All we are saying is give due diligence a chance in 2023
Unfortunately, FTX is only the latest in this line of failures.
Looking back, 2022 was quite the year for some investors, and not in a good way. Mistakes made in the boom period of the past couple of years led to many write-downs, but the most egregious example of abysmal investing practices this year was FTX, the bankrupt and disgraced crypto exchange.
In fact, while we wrote this, Sam Bankman-Fried, the company’s co-founder, was being extradited from The Bahamas to the U.S. where he faces eight criminal charges. In the past few months, his investors simply watched as the company’s value evaporated from $32 billion to zero in no time flat. Like the rock band Talking Heads, they might well have asked themselves, “Well, how did I get here?”
Well, one big reason was because FOMO often replaced due diligence. And for a while, the V in VC appeared to stand for “vibes” — founders’s vibes seemingly became more important than their products.
Unfortunately, FTX is only the latest in this line of failures. We can revisit companies like WeWork and Theranos, or even look to the list of billionaires and wannabes lining up to be part of the $44 billion disaster-in-the-making that Elon Musk’s Twitter investment appears to be. Even Musk himself tried desperately to get out of the deal before finally closing it in October.
According to Axios editor Dan Primack’s Pro Rata newsletter last week, while some investors appear to think Musk has done a reasonable job of reducing costs, others are worried how they’ll explain their involvement to their investment committees. Maybe they should have thought about that before they threw their money at the deal?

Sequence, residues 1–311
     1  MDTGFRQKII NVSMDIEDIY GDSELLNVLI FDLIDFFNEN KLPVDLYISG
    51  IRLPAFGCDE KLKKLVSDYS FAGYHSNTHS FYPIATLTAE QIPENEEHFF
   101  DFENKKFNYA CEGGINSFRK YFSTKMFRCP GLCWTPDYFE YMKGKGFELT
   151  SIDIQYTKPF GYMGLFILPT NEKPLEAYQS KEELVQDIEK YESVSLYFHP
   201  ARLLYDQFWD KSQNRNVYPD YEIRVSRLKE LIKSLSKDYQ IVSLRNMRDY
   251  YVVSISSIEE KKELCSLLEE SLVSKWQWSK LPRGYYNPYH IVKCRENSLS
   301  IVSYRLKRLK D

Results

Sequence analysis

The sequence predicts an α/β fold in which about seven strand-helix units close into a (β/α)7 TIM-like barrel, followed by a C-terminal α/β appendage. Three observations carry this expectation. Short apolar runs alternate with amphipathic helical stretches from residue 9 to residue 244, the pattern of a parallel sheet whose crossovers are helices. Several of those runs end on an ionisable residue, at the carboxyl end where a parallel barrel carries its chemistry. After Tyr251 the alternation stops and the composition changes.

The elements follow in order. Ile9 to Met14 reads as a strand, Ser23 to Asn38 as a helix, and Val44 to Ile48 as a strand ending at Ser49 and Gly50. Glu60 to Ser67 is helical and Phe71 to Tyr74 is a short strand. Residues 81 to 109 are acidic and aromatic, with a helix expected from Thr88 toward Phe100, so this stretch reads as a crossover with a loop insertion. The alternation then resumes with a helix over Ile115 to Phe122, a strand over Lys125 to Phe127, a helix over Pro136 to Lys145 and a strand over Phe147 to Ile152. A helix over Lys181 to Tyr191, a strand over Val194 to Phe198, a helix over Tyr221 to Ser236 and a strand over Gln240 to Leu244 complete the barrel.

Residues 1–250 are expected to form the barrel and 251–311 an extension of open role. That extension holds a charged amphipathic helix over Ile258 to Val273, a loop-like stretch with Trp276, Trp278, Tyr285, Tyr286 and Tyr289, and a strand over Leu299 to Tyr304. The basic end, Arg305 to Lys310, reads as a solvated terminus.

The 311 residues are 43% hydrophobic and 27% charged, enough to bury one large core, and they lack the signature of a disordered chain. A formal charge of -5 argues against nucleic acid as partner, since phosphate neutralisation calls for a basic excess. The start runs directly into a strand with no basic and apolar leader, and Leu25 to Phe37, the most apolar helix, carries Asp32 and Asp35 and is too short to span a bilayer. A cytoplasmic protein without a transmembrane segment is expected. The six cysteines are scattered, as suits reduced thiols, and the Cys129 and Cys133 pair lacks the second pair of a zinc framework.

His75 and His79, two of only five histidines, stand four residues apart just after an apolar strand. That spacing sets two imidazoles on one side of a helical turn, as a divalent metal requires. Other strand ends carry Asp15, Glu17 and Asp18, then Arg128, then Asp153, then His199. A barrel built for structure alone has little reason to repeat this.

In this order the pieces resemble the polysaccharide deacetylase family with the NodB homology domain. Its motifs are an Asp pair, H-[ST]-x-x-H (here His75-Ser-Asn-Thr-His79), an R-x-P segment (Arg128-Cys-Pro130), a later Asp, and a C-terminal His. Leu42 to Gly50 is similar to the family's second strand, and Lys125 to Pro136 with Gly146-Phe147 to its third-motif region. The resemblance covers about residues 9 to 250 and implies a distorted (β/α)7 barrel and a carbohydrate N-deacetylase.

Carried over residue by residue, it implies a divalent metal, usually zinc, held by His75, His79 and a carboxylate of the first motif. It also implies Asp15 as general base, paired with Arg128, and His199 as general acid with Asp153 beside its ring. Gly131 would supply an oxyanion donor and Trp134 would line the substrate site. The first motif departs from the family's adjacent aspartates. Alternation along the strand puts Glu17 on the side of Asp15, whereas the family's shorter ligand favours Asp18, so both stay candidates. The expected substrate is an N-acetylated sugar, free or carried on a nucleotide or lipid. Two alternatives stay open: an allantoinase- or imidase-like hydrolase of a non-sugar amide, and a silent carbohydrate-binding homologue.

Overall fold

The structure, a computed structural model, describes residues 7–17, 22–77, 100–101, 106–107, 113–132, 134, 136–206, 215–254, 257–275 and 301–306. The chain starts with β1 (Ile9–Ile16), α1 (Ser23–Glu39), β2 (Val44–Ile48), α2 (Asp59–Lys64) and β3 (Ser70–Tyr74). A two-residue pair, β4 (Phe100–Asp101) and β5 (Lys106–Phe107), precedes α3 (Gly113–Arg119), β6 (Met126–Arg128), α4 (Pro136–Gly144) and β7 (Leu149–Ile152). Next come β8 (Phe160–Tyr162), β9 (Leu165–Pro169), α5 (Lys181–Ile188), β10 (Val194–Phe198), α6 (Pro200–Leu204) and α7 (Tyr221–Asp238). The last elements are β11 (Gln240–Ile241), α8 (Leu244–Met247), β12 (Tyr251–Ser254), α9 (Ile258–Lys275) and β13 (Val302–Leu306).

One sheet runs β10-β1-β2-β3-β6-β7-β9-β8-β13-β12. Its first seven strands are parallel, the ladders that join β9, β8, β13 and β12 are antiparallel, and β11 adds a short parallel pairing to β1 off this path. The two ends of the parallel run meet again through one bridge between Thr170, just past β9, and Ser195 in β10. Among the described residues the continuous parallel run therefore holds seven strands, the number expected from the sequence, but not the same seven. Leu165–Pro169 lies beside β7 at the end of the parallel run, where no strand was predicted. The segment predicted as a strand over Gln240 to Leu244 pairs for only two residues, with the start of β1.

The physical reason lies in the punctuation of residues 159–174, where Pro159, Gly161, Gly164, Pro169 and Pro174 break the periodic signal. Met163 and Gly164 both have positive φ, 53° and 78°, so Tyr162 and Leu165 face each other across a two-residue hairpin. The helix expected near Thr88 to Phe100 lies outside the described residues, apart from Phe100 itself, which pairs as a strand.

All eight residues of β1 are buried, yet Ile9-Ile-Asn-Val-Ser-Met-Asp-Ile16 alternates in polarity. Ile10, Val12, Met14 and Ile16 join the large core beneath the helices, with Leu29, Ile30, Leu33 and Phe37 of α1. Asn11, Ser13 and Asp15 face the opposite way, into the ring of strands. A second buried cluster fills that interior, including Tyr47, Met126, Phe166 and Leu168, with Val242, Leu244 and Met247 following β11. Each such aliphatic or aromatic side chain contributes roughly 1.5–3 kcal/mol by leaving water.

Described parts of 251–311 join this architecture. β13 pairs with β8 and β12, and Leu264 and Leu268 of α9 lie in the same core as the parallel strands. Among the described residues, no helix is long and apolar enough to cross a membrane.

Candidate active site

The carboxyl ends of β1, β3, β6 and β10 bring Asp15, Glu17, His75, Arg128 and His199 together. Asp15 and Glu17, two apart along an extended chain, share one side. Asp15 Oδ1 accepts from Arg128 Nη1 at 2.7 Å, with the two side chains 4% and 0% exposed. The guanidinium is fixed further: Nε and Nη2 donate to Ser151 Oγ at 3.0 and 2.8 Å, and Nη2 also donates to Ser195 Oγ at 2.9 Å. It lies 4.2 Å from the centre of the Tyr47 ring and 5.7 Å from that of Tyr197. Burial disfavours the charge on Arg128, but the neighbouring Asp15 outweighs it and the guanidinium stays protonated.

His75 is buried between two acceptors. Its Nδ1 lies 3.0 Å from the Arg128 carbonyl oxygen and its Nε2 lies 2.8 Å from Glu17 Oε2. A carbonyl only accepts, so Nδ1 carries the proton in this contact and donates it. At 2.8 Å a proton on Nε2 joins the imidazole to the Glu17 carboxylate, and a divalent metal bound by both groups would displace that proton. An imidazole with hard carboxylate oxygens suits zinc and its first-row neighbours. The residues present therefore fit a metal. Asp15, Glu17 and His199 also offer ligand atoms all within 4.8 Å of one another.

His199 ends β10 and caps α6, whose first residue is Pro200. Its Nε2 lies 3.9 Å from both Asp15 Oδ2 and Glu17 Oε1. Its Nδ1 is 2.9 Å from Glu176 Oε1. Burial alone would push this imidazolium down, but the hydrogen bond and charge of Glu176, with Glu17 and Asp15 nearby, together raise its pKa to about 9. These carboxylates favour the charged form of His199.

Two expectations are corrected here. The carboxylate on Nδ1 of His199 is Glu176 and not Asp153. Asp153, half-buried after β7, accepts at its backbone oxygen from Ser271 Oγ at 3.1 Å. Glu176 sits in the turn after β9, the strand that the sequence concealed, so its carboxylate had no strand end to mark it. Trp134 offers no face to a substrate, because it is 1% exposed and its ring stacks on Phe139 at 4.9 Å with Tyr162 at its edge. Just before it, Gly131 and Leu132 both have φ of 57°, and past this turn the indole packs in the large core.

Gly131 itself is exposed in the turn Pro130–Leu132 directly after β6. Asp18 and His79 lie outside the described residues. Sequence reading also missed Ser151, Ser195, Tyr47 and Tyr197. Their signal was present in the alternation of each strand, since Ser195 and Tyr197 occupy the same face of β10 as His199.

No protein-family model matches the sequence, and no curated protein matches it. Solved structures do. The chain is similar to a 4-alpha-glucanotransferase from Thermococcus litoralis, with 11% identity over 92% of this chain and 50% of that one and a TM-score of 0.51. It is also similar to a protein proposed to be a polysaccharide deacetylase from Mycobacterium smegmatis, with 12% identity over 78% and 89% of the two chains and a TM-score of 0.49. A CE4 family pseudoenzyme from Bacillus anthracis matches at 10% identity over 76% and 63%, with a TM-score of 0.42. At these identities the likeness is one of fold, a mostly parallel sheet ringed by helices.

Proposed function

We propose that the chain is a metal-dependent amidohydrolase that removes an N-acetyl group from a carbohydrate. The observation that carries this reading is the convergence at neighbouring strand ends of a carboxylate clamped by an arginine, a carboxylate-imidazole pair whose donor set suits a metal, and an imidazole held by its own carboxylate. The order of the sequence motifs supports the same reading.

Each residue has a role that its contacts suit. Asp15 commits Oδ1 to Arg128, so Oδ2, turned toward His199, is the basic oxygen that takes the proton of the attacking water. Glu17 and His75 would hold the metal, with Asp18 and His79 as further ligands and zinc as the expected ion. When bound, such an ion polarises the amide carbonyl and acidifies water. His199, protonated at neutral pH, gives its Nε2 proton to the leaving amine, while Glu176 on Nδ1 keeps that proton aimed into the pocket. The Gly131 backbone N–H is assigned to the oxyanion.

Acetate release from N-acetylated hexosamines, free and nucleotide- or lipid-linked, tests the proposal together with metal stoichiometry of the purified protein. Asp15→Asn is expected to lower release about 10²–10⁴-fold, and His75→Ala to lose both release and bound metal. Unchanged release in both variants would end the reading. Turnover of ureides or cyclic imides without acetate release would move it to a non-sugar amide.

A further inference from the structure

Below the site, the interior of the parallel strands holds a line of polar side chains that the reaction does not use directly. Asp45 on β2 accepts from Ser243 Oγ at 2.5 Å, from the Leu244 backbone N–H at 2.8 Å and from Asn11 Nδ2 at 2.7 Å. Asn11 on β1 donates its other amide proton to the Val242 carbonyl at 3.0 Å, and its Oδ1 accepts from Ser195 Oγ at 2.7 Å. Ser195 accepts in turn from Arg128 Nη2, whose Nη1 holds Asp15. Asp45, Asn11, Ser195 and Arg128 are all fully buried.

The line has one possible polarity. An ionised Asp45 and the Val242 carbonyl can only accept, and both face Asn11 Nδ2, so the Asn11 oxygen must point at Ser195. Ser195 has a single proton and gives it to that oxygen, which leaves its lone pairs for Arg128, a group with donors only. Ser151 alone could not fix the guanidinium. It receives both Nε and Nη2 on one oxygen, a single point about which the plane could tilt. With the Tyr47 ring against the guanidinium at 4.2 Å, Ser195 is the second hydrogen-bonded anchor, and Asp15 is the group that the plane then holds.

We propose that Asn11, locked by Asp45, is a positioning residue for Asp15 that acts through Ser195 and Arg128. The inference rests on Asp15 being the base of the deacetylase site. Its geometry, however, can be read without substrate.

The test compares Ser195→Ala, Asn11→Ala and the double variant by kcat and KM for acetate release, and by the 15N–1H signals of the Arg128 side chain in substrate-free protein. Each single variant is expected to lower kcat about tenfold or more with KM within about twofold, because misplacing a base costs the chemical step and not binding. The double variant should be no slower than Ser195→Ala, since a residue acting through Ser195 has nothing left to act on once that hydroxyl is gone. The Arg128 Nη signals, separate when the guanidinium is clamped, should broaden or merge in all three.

This is all indicative of a wider problem in investing these days. We don’t want to paint the entire industry with the same brush, but it is fair to say that some investors stopped being careful because they felt getting in line for the latest shiny thing was a better idea.
Clearly, investing should be about getting to know the team, checking the books (to the extent possible), and ensuring you pressure-test the idea. You should never be signing checks because all the cool kids are doing it — that is never a sound approach to investing millions of dollars.
We spoke to a few investors to get an inside look at how due diligence and investing practices have faltered in the recent past, and if investors who may have fallen prey to chasing the next big thing would learn anything from this year’s mega mistakes.
Have we learned anything?
There are several issues at play here, and the venture capitalists we spoke to stressed that some investing firms (and investors) have to start being more disciplined, especially when they’re doling out someone else’s money.
I’m a journalist who specializes in investigative reporting and writing. I have written for the New York Times and other publications.